Building Britain by raising its drawbridge and offering out the receding state and all its benefits. Cameron blamed Labour in his speech whenever Labour wanted a Mondeo-man lifestyle for the many, not just the few.

  • Itwas SammyMcNally whatdoneit

    re. “ignore nationalists”

    There is considerable benefit to Nationalism in Ireland (and Scotland and Wales) of having a Tory Prime Minister and one that is easily parodied as representing the interests that Nationalists associate with historical wrongdoing.

    By aligning himself with the UU he has alienated that the vast majority of Norn Iron Nationalists before he assumes power and reinforces the popularity of the policy of ignoring Westminster and making Stormo work.

    And to round it off that he is probably going to cause Unionism no end of grief by splitting an already split Unionism even further and ensuring greater Nationlaist electoral success.

  • Jer

    sammyMc,

    but then I suspect he wont be bothered by that at all will he. Having taking the UU inoculation he is now protected from the charge that the tories are a threat to the union.

    Thats what matters most.

    Interesting to see that the charge that Cameron is too elitist to be able to relate to ordinary people is one that has traction in the poll. Cant help but thinking that if Labour did not have Brown that they might be able to build on that but as i believe most brits think Brown is too spaced to be able to relate to them its an unexploited weakness.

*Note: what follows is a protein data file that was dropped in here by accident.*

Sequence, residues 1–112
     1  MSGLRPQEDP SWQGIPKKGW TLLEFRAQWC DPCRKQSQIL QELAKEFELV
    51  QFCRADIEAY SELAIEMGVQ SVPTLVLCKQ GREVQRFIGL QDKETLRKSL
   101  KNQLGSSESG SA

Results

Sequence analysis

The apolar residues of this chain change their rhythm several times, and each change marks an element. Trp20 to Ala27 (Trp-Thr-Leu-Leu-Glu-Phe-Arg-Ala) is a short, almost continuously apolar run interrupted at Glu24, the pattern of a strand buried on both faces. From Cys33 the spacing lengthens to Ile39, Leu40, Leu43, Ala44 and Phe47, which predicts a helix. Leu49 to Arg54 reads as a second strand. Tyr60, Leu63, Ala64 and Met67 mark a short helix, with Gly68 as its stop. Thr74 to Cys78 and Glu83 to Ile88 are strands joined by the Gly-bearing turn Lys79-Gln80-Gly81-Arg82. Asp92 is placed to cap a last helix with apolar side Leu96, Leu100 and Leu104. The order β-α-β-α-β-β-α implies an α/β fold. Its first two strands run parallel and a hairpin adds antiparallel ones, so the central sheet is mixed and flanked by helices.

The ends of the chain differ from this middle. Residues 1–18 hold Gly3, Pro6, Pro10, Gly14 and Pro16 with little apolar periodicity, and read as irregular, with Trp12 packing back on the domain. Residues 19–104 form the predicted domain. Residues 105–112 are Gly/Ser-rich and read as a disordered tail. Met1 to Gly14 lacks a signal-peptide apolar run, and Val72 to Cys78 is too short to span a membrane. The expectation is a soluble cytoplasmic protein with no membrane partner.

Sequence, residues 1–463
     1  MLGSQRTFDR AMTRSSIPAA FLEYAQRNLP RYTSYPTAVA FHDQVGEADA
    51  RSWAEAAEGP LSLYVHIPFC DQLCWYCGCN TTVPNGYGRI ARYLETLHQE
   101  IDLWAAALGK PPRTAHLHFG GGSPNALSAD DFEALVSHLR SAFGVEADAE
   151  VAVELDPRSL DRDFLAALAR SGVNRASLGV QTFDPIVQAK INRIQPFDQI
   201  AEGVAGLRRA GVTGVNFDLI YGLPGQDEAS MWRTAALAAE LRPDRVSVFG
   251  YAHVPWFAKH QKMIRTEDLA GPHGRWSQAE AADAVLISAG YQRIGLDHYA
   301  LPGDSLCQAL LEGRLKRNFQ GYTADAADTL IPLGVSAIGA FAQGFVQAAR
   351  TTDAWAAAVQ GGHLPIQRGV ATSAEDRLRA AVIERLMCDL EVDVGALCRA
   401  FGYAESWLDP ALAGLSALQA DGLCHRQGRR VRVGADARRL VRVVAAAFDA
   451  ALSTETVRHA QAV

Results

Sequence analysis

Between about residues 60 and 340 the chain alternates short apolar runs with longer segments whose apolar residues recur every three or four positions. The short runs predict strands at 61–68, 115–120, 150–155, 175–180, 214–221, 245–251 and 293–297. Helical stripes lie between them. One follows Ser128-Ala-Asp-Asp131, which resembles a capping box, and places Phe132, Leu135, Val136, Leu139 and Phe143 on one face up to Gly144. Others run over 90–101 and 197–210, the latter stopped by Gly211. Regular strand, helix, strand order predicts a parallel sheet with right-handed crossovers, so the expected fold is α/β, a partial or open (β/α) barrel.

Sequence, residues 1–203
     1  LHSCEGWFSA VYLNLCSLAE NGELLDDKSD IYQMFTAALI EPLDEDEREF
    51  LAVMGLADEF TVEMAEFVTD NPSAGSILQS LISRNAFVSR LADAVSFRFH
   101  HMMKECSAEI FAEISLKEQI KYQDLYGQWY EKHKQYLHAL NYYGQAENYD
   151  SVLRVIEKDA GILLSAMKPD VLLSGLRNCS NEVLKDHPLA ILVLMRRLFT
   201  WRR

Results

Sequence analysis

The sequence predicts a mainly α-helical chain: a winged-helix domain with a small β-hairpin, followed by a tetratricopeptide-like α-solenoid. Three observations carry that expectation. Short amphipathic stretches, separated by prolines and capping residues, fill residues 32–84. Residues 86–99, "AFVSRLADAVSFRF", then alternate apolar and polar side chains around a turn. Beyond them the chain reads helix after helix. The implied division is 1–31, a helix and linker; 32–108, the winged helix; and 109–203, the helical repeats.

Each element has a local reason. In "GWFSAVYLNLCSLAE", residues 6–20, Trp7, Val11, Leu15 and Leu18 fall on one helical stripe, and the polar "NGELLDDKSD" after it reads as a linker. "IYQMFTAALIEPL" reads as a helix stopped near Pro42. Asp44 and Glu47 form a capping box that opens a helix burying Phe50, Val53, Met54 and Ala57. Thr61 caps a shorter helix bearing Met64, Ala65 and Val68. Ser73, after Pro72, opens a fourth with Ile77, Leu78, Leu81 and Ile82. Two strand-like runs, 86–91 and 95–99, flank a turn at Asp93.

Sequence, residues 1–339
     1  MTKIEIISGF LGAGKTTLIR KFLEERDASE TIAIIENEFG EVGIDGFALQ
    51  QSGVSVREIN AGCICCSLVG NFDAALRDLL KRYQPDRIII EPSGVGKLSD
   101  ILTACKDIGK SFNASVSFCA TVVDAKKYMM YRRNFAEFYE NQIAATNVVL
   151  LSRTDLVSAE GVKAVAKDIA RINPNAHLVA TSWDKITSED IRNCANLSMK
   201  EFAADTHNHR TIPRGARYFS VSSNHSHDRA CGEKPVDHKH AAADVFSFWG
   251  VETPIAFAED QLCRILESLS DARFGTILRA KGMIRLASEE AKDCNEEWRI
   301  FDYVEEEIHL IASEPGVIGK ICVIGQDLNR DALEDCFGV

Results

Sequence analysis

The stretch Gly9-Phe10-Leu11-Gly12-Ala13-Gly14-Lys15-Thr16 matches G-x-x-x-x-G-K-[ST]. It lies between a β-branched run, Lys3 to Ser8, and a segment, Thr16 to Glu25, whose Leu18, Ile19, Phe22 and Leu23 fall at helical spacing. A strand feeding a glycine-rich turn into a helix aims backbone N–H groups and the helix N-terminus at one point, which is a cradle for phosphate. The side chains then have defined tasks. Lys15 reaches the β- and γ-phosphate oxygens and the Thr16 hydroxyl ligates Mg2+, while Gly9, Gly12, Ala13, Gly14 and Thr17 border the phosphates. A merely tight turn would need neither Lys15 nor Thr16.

• Jer

    sammyMc,

    but then I suspect he wont be bothered by that at all will he. Having taking the UU inoculation he is now protected from the charge that the tories are a threat to the union.

    Thats what matters most.

    Interesting to see that the charge that Cameron is too elitist to be able to relate to ordinary people is one that has traction in the poll. Cant help but thinking that if Labour did not have Brown that they might be able to build on that but as i believe most brits think Brown is too spaced to be able to relate to them its an unexploited weakness.

  • Itwas SammyMcNally whatdoneit

    Jer,

    arguably he wouldnt be so far ahead either if Brown was not so unpopular – but I partly agree – I am still hoping that El Gordo will narrow the gap and the Tories will have their usual war over Europe and UKIP will split the mad-dog-little-englander vote and…. you just never know.

  • bob wilson

    Sammy and DC are both correct about how bad this conference was for the Tories – ONLY a 17% lead in the polls.
    Brian – I look forward to your post on that